Some four million civilians taking shelter in Syria’s Idlib province — with Turkey’s efforts — have been protected from a possible massacre and migration risk imposed by the Bashar al-Assad regime and its allies.

Located in northwest Syria, Idlib has become one of the regions hit by the greatest wave of violence during the Syrian civil war. Therefore, it was declared a de-escalation zone following the Astana meeting by Turkey, Russia and Iran on May 4-5, 2017.

At the same time, being the “stronghold” of the military opposition amid the civil war, Idlib received a great number of refugees.

Due to the attacks by the Assad regime and its allies, the civilians fled from various parts of the country to Idlib, increasing the population of the province to nearly four million.

In addition, the military opposition which were forcefully evacuated from the many points that the regime had recently seized through the blockade were also gathered in Idlib.

Idlib — where armed groups such as Hayat Tahrir al-Sham and Huraseddin also have a presence along with the opposition — has turned into the new target of the regime and allies in the summer.

While the regime forces intensely deployed military elements to Idlib — surrounding it from three directions — the regime head Assad and Russian officials made threatening statements towards the region.

The regime and Russia launched airstrikes on Idlib on Sept. 4. Tens of thousands of civilians began to migrate towards the regions near the Turkish border or the Turkish army’s observation points in the country.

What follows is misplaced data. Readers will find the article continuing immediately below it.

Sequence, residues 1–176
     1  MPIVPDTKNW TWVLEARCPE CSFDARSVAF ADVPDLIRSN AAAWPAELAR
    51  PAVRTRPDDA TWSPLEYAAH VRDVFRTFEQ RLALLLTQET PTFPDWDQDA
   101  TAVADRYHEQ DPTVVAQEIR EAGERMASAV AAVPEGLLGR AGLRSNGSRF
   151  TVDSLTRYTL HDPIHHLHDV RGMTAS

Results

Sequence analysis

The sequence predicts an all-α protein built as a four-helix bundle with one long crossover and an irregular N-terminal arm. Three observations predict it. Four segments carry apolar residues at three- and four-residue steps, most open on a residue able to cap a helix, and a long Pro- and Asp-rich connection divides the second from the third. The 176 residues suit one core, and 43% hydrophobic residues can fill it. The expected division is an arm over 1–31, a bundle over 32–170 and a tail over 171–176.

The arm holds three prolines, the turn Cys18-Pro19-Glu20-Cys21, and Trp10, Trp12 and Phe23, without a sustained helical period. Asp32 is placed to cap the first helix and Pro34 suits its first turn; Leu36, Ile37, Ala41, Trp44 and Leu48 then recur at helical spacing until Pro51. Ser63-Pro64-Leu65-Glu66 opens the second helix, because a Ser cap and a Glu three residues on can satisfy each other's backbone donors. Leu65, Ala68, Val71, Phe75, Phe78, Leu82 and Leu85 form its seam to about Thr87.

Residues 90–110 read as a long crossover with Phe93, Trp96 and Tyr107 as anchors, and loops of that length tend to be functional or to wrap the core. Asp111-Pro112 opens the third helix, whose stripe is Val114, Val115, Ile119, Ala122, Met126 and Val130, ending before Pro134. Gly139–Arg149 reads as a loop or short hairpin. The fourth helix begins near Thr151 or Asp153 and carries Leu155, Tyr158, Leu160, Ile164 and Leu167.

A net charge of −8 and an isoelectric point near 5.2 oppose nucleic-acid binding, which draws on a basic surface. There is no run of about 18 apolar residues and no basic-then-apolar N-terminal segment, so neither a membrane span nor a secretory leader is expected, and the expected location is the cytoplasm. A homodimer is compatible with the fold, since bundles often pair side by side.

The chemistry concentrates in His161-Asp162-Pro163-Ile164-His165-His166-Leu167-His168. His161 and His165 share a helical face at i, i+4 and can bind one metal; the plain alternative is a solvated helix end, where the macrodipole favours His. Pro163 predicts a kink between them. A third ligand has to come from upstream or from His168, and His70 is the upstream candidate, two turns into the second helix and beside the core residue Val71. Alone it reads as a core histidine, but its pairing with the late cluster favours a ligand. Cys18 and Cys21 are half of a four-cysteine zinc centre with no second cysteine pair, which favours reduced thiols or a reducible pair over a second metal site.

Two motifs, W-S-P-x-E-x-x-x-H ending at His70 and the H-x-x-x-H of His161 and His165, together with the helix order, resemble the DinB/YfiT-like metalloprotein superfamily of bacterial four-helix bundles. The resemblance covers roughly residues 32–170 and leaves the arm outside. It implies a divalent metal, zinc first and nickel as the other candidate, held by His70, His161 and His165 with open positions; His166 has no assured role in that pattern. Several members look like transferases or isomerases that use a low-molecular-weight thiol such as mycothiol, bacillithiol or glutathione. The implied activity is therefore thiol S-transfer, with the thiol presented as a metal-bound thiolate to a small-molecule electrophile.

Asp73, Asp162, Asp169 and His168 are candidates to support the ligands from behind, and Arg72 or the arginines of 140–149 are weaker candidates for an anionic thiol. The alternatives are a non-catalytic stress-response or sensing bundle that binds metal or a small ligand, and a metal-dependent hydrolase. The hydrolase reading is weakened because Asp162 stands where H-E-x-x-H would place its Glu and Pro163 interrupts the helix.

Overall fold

As the UN increased its warnings on a possible huge civilian massacre, migration wave and humanitarian crisis in Idlib, Turkey accelerated its diplomacy traffic.

Turkish officials conducted meetings with delegations of Russia and Iran, the guarantors of the Syrian cease-fire within the framework of Astana agreements.

Following Turkish President Recep Tayyip Erdogan’s proposal during the trilateral summit held in Tehran on Sept. 7, Erdogan and Russian President Vladimir Putin agreed on additional measures to maintain the cease-fire in Idlib in a meeting held in Sochi on Sept. 17.

Following the Sochi Agreement, a new phase started in Idlib — the regime and Russia ended their airstrikes and threats.

Some 80,000 civilians who left their homes following the attacks returned to Idlib. The civilians, encouraged by the Turkish army’s presence at the observation points, began to repair their houses damaged by the attacks.

Despite the difficult conditions, the families began to send their children to schools. The environment of trust revived the social and economic life in the city.